How To Prepare Yourself For Licensing Music: Every Step Listed Is Vital


Music licensing is a very lucrative business and one with no shortage of placement opportunities. Everywhere you turn there’s a company or product that utilizes music to some extent.

As an indie music creator, you have the ability to capitalize on these opportunities, but you have to be organized, flexible, patient, and willing to cater to the market’s needs. This is a different ball game when compared to creating around an artist.

Here are some tips you can utilize today to better prepare yourself for licensing.

  1. Make sure your music sounds good
  2. Know who owns the right to the music
  3. Affiliate with a PRO: SESAC, ASCAP, or BMI
  4. Have Alternate versions of your music
  5. Educate yourself on the business of music licensing

1. Make Sure Your Music Sounds Good.

I’m not speaking in terms of genre or taste, but more so in terms of sonic quality. You want to make sure your music is mixed properly. This means no clipping, good dynamic range, good levels, etc. It must sound good.

If mixing isn’t a talent you possess hire someone to mix your music or start learning how to do it yourself.

I get a lot of questions in terms of who to contact for mastering or does my music need to be mastered. My answer is no it does not need to be mastered, don’t focus on the mastering, focus on the mix because the master is only as good as the mix.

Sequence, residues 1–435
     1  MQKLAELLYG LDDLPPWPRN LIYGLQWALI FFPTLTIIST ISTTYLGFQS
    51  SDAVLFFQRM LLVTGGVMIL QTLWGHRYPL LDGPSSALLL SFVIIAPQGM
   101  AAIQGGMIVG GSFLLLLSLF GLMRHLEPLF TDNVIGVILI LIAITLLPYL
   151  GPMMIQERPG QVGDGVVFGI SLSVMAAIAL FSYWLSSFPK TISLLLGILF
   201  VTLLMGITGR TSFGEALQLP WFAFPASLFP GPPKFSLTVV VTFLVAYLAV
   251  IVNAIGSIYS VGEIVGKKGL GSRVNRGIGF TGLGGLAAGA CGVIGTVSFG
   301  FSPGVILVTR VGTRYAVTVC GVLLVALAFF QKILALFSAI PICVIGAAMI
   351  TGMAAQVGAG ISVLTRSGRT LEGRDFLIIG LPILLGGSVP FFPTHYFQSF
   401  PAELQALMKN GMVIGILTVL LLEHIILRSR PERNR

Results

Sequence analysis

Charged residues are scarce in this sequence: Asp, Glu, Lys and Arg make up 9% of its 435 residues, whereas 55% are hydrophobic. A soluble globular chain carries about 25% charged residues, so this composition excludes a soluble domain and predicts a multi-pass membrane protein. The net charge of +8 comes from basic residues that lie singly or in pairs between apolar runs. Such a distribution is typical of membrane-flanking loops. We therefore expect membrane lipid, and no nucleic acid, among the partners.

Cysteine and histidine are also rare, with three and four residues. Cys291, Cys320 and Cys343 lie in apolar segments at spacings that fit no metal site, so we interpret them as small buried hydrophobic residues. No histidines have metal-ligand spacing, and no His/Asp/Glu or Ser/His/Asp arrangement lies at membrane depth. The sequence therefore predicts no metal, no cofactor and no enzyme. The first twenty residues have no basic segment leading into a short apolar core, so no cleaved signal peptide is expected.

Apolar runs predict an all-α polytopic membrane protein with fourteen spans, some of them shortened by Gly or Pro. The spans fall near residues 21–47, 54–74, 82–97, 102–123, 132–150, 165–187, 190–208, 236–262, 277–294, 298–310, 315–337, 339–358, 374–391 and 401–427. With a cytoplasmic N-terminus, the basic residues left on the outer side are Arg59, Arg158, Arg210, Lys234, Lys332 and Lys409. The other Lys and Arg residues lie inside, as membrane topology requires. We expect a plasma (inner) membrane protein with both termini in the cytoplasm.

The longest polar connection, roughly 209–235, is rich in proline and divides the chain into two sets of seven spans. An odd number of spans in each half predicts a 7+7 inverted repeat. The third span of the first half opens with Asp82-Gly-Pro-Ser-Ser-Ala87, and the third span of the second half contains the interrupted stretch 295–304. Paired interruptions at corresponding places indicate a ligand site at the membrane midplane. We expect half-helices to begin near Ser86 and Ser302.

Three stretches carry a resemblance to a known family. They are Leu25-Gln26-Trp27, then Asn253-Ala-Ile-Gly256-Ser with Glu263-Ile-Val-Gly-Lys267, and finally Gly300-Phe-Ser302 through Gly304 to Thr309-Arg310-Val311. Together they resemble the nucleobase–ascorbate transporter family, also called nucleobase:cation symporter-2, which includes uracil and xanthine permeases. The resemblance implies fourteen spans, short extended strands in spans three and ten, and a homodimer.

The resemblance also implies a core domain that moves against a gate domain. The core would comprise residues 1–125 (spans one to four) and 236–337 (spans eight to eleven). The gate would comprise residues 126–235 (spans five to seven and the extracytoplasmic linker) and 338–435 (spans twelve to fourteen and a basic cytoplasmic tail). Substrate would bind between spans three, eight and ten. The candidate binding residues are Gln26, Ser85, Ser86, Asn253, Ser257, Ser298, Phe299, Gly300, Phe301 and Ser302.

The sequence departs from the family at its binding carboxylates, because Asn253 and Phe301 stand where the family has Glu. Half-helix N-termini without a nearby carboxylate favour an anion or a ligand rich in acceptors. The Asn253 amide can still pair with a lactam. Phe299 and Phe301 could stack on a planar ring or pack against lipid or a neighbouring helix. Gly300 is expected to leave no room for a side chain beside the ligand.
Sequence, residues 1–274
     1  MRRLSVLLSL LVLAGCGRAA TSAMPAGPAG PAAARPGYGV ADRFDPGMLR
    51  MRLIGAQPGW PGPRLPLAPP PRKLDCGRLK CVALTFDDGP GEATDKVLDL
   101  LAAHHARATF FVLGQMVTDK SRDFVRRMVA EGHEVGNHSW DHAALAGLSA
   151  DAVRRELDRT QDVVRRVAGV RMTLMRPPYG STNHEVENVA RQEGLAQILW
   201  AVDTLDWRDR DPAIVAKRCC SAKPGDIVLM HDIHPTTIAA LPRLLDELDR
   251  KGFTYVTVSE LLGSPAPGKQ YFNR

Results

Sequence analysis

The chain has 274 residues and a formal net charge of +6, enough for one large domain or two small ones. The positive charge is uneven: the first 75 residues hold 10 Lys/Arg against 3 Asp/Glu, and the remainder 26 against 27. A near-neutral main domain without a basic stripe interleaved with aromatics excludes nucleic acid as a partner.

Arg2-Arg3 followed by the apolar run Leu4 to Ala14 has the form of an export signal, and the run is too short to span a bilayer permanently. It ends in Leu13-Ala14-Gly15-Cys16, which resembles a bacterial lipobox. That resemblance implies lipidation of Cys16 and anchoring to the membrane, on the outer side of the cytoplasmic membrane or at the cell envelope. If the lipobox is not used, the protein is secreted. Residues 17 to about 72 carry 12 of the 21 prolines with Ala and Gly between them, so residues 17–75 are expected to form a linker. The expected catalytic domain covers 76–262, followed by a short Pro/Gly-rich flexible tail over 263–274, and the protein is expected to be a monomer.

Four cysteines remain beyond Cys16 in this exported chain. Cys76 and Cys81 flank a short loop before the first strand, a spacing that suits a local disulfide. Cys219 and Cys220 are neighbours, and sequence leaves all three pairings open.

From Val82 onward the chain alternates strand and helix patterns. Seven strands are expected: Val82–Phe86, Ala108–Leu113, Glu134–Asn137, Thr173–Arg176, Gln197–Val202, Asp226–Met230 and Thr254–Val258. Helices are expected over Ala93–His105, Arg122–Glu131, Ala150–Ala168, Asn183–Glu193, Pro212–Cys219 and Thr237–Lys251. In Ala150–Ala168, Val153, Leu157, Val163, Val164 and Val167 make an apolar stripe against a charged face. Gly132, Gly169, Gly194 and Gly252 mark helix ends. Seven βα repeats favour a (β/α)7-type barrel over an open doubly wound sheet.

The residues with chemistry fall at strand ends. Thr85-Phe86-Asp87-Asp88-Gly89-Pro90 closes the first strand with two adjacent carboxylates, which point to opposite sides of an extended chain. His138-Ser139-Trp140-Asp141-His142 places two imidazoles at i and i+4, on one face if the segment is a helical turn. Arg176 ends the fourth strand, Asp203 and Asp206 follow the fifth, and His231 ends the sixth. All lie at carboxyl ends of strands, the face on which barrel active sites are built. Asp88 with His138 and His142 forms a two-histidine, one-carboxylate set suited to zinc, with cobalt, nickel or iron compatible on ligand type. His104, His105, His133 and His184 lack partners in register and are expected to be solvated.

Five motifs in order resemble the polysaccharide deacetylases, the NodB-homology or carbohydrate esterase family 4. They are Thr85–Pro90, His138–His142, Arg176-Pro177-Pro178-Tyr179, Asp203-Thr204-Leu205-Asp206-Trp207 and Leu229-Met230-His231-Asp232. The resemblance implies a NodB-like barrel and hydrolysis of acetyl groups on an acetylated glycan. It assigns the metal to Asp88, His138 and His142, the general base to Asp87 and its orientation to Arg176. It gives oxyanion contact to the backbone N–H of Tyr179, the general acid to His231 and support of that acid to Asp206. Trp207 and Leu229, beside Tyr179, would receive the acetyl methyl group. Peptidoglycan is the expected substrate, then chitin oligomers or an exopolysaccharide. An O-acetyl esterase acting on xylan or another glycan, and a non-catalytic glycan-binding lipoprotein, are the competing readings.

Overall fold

A good thing to do is compare your music to commercial music or a song that you hear being used in the licensing world. If your music doesn’t sound as good sonically then it’s not ready.

2. Who Owns The Rights To Your Music?

Make sure you know who owns the rights to your music. If you working with a band or with multiple writers, then everyone involved with the creation owns a piece of the music.

Here’s a perfect example. If you, Billy, and Casey wrote a song together, then you are all co-owners and have say in what happens with the song, unless stated otherwise in a contract.

What licensing professionals need to know

1. who owns a master recording?
2. Who owns the composition?

Why is this important? Because before your music can be used in visual media, the client needs to obtain two specific licenses.

1. Master license (master sound recording)
2. Synchronization license (the right to use the composition)

And without all parties (writers/owners) onboard, the transaction gets stuck in limbo.

visual media = video games, movies, reality TV shows, etc.

3. Are You Affiliated with A PRO? Sign Up With BMI, ASCAP or SESAC

Make sure you’re signed up with a Performing Rights Organization also known as a PRO. The reason why you want to sign up with the PRO is so you can collect royalty payments.

If your music is used in a TV commercial and it airs several times a day, that’s money in the bank and without being signed up with a PRO, it’s money that you’re missing out on.

Even if the commercial only airs on Saturday mornings between 9 AM and 11 AM, that’s money that you’re missing out on if you’re not signed up with the PRO.

4. Have Alternative Versions Of Your Music

Why? Because it increases the chances of your music being used. A lot of times when you listen to TV ads, you’ll notice that the instrumental plays underneath the dialogue for a few bars, then towards the end, you hear the full song.

This is done because the dialogue for the commercial/TV ad or whatever is important and they need your music to aid the message, and not conflict with their dialogue.